Cover image for The Slate diaries
The Slate diaries
Kantor, Jodi, 1975-
Publication Information:
New York : PublicAffairs, [2000]

Physical Description:
xii, 376 pages ; 21 cm
General Note:
Selected articles from the online magazine Slate.

Includes index.
Reading Level:
1060 Lexile.
Added Uniform Title:
Slate (Redmond, Wash.)
Format :


Call Number
Material Type
Home Location
Item Holds
CT120 .S55 2000 Adult Non-Fiction Central Closed Stacks

On Order



"Each week the editors of Slate, one of the first and best on-line literary magazines, ask a different person to keep a diary. The Slate Diaries is a selection of some of the best of those diaries."

Reviews 1

Library Journal Review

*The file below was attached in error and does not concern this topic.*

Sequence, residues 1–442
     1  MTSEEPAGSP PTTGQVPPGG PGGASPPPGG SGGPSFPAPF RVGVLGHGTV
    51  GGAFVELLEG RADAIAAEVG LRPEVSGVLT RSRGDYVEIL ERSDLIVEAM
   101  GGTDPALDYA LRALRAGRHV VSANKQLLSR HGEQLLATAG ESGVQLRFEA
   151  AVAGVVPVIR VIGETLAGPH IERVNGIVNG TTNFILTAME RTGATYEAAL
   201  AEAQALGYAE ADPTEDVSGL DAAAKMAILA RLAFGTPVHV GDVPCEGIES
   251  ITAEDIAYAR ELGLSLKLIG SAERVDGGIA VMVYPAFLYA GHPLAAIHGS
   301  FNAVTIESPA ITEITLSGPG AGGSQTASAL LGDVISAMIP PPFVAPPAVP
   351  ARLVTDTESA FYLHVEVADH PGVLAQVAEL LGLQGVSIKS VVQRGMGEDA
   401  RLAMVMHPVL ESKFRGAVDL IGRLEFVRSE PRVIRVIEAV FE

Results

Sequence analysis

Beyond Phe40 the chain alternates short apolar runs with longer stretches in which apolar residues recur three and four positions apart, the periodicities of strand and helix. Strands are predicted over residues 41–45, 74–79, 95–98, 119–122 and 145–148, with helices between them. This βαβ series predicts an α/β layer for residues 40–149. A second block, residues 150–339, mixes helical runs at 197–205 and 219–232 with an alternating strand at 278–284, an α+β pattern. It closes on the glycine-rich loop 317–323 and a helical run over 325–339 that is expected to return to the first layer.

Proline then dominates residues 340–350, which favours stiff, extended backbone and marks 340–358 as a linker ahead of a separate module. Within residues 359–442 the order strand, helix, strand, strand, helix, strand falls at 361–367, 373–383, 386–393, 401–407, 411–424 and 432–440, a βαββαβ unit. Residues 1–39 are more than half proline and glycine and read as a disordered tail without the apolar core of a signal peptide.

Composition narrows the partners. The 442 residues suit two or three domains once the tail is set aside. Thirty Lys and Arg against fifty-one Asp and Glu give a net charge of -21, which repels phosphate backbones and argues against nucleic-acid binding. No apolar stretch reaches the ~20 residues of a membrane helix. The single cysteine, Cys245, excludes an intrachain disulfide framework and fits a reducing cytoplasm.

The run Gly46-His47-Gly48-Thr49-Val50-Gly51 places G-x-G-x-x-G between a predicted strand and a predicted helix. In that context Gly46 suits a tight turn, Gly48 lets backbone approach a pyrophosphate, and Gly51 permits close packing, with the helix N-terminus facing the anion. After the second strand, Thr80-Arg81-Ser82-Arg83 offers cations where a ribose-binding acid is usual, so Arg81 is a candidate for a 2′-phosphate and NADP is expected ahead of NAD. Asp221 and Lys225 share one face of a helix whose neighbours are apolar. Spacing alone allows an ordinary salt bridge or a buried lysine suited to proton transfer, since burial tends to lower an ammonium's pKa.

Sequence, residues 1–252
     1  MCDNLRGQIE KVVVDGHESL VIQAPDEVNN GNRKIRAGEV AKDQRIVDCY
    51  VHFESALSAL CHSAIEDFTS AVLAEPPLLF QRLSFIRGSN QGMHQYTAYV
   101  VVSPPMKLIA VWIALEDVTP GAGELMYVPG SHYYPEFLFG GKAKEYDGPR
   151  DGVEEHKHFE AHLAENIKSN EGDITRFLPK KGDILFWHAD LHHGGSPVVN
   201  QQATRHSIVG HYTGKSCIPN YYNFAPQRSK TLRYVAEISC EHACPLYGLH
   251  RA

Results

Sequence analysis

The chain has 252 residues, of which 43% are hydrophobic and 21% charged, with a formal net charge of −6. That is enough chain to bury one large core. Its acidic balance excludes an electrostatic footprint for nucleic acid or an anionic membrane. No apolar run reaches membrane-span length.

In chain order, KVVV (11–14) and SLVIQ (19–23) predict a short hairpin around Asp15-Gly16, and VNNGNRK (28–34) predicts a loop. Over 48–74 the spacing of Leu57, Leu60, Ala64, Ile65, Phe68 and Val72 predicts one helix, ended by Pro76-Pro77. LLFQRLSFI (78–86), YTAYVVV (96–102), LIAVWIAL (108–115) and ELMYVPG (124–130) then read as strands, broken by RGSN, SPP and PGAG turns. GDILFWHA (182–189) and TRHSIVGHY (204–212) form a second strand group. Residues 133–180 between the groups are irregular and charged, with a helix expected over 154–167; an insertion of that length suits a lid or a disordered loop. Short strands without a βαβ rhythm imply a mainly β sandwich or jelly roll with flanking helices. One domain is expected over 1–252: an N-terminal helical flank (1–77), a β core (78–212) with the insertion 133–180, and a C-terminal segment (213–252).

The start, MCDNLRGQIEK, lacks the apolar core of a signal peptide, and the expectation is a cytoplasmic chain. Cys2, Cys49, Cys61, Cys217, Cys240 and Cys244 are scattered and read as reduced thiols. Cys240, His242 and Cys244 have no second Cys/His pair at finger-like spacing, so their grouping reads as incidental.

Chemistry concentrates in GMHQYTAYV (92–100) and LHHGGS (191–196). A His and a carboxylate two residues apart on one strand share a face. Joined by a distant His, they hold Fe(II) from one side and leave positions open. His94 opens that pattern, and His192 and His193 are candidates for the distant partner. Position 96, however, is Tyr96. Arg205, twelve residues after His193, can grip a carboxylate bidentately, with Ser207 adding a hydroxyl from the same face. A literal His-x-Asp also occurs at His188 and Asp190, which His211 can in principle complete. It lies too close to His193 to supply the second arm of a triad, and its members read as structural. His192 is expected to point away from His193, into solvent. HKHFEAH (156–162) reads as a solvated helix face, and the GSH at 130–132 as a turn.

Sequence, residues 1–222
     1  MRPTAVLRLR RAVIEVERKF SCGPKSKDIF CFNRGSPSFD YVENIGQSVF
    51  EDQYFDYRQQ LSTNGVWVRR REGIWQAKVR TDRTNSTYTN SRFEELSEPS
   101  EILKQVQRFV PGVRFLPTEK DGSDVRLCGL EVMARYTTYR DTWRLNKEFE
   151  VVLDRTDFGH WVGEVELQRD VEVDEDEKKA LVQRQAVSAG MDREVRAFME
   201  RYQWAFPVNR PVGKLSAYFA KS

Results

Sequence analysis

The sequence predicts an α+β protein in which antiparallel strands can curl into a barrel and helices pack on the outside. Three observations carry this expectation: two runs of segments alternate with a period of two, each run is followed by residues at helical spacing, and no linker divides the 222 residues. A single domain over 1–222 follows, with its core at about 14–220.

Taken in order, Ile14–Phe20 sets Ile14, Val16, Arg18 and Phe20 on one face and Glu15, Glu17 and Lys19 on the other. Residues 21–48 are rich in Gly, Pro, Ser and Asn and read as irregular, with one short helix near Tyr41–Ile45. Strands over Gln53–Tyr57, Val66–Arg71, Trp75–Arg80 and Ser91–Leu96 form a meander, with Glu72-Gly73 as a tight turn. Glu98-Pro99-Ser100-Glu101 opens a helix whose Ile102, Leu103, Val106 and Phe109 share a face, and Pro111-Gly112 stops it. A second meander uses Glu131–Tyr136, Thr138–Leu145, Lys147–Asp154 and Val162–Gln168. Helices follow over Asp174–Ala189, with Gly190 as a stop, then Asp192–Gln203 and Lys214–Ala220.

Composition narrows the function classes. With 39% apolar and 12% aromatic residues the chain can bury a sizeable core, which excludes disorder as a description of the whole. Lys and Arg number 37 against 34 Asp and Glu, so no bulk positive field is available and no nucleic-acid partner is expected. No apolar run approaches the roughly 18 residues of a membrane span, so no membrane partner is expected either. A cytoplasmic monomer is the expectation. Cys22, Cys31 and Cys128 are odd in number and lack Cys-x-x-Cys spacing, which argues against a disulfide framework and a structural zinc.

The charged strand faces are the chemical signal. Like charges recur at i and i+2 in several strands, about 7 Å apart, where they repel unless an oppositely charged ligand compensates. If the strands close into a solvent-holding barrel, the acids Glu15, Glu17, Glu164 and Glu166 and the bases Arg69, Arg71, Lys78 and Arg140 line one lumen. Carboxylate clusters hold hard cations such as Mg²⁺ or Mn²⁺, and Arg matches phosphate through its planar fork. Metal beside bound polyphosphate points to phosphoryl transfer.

The online magazine has a daily diary section that features a different writer each week and allows readers to respond to each entry in a reader discussion forum. This book is an edited collection of the diary entries. Some of the writing here is excellent. Leslie Carr chronicles her days as a school nurse in Pennsylvania with accuracy and feeling, while Ira Glass, host of National Public Radio's This American Life, writes incisively about his attempt to pitch a TV version of his radio show to Hollywood executives. Other parts, however, are less intriguing because the diarists' entries were meant to be read in an interactive setting the day they were posted. When they are collected in book form, they lose the immediacy that they otherwise convey. Slate editor Michael Kinsley writes in the introduction that these entries are supposed to have "the special voice of e-mail, combining the spontaneity of talking with the reflectiveness of writing." But the spontaneity of talking is not always an admirable quality in a large volume of writing, and this book suffers from a tone that often sounds like casual chat. Recommended for larger public libraries where essay collections are popular.DCheryl J. Van Til, Kent Dist. Lib., Grand Rapid, MI (c) Copyright 2010. Library Journals LLC, a wholly owned subsidiary of Media Source, Inc. No redistribution permitted.